Toyota Center, May 18
It's a little late, but a date to see Bette Midler would make the perfect Mother's Day gift. The two-time Oscar nominee is an entertainer of the highest order, and her first concert tour in quite a while promises plenty of old-fashioned showbiz razzle-dazzle and no shortage of wisecracks from the Divine Miss M. The tour's raison d'etre is 2014's It's the Girls, Midler's “tribute to girl groups throughout the ages” that doesn't skimp on the '60s treasures – “Tell Him,” “One Fine Day” Darlene Love duet “He's Sure the Boy I Love” – but reaches further afield for the Andrews Sisters' '40s nugget “Bei Mir Bist Du Schon” and even TLC's “Waterfalls.” Don't forget your hankie for the more sentimental songs, but if necessary you fellas can always hit the restrooms for “Wind Beneath My Wings.”
Built to Spill
Warehouse Live, May 18
Formed in 1992, Built to Spill have lasted long enough to become one of indie-rock’s most esteemed elder statesmen, with the kind of broad appeal that netted the Idaho band invitations to both Coachella and San Francisco’s Hardly Strictly Bluegrass Festival this past year, as well as the kind of respect from their peers that found them recently opening for Death Cab For Cutie. Balancing Doug Martsch’s thickety, Neil Youngian guitar jams with nakedly emotional songwriting, Built to Spill consistently displays the kind of stylistic diversity that bodes well for the long term. Last month they kept on keepin’ on with Untethered Moon, their sixth studio album for Warner Bros., and first in six years.
Under the Volcano, May 20
If there is one show in town this week where the building may explode, it’s Austin’s hard-rocking all-female ensemble Bluebonnets at Under the Volcano. Anyone who saw them in March at the Continental Club (which was only a few dozen folks) knows the Bluebonnets are capable of tornado-like damage. With former Go-Go Kathy Valentine on one guitar and Austin ace Eve Monsees on the other, the picking is world-class and as mean as a rattlesnake bite. The band combines all the best elements of the great female rockers like Joan Jett with the sultry insouciance of Debbie Harry and Blondie. The Bluebonnets' debut album, Play Loud, has gotten rave reviews, as did their recent string of New York City shows. Bring your rocking shoes and designated drivers to this one. Stuff will burn. (WILLIAM MICHAEL SMITH)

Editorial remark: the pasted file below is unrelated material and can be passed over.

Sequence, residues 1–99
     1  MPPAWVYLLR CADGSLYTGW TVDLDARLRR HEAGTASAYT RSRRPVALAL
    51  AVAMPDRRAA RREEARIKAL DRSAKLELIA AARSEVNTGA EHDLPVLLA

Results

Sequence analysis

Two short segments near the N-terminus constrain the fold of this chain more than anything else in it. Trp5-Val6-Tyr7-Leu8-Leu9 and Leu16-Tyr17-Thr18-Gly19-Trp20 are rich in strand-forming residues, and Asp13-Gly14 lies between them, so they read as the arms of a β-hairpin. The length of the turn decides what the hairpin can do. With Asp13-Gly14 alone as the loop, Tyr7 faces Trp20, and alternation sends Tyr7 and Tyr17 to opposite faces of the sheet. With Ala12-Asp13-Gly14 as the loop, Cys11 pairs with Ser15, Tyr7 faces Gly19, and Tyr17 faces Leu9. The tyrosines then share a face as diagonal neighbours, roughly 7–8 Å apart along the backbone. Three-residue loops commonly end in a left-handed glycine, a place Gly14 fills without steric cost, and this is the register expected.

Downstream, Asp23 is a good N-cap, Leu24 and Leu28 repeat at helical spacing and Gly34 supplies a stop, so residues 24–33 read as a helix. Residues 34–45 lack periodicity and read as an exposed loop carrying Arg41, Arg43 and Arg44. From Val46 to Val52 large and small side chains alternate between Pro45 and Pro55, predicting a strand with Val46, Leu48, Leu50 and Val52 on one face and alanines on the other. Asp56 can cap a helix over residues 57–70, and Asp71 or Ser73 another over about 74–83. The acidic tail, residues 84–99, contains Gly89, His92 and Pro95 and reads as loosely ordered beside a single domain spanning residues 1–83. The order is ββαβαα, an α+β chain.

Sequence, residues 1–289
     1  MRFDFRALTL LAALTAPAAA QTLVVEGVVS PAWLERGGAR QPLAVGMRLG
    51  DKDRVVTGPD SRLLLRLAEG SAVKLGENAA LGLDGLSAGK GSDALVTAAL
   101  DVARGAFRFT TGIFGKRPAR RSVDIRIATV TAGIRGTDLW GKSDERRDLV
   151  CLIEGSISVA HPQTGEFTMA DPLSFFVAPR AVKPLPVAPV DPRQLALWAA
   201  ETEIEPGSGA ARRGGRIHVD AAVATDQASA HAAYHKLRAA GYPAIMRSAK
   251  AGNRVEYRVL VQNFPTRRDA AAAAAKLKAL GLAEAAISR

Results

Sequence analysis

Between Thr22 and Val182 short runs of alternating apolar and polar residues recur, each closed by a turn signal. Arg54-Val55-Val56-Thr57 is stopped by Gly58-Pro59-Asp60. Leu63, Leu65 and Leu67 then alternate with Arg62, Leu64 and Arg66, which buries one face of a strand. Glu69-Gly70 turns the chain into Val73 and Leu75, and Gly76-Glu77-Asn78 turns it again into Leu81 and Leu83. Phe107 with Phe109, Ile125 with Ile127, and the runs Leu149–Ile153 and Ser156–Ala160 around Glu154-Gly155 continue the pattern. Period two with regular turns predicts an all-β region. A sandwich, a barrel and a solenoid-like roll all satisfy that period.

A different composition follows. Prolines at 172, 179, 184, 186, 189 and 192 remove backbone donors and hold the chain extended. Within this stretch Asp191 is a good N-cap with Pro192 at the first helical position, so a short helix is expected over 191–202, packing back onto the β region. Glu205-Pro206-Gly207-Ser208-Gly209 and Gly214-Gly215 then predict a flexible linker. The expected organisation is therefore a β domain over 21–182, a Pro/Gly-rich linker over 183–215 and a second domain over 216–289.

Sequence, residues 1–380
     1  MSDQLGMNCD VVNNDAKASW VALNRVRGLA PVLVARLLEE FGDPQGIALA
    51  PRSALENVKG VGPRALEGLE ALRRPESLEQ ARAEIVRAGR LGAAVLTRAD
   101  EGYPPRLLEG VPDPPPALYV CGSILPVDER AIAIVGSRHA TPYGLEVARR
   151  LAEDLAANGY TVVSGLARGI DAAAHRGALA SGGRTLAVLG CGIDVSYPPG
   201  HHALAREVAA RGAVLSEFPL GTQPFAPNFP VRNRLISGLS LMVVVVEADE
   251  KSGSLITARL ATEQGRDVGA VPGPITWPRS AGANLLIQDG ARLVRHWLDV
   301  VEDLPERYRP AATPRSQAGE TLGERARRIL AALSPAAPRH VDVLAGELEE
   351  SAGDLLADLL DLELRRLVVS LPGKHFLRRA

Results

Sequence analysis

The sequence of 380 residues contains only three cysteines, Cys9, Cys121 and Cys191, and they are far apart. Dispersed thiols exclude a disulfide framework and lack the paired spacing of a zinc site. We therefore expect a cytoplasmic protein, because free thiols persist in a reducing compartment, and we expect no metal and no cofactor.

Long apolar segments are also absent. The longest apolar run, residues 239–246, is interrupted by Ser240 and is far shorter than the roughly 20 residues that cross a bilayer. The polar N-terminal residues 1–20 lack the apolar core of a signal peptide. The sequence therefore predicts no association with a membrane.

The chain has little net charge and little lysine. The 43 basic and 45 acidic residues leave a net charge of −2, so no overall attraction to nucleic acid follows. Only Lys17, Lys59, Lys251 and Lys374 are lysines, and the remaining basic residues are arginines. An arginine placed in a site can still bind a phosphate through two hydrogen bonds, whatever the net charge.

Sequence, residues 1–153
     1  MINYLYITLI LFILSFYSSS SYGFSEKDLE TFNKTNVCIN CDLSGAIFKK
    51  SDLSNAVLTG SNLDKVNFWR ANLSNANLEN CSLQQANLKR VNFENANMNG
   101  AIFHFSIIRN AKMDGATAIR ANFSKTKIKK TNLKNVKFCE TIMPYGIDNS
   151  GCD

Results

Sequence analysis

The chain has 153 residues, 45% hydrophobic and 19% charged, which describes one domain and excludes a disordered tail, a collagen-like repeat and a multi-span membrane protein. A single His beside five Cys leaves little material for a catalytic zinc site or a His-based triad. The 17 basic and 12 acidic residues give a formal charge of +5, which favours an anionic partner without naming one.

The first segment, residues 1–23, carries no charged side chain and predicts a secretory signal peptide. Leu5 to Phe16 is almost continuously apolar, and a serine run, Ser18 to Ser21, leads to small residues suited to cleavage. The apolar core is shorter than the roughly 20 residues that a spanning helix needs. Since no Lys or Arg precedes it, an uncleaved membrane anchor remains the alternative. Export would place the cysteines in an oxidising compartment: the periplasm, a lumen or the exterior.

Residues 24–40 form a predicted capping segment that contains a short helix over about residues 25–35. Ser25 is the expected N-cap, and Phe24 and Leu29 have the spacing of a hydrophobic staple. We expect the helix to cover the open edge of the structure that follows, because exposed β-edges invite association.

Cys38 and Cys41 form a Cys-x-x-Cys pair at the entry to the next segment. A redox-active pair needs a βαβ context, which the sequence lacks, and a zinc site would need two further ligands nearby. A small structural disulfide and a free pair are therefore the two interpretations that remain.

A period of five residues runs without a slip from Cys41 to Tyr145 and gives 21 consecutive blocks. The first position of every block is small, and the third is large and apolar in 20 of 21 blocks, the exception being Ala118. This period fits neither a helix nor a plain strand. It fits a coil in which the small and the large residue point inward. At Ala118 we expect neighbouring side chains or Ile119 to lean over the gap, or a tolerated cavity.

House of Blues, May 21
In late-'80s heavy metal, Queensryche's ambitions were a sight loftier than one more Jack and coke at the strip club. The Seattle quintet had already released a handful of forgettable post-Iron Maiden albums, but came into their own with 1988's Operation: Mindcrime, a sinister concept album detailing a soldier of fortune's struggle against an Orwellian society told through defiant anthems like "Revolution Calling" and "Eyes of a Stranger." Mindcrime has aged so well last year Queensryche did a 25th-anniversary tour playing the album in full; this show should go on to include other hits like “Jet City Woman” and "Silent Lucidity" as well. (Caveat emptor: Geoff Tate has nothing to do with this version of Queensryche these days, or vice versa.)
Future, Kirko Bangz
Arena Theatre, May 21
Third time's the charm for this show, which was postponed from February to April and then again to Thursday. Atlanta's Future is hardly the first rapper of the Auto-tune age to liken himself to Al Pacino's Scarface character, but his 2011 breakout single "Tony Montana" made him one of the most memorable. Born into the highest circles of ATL rap — his cousin is Rico Wade of OutKast social-network the Dungeon Family — and inheriting their hood-meets-extraterrestrial style, the 21-year-old MC had the likes of Drake and T.I. jumping on remixes from his 2012 Epic debut Pluto. Last year's Honest reached No. 2 on the Billboard 200 behind a bevy of singles; the title track's refrain became a minor pop-culture catchphrase. Future should have his work cut out for him, too: stepping onto a big Houston stage for the first time is Houston “Drank In My Cup” MC Kirko Bangz.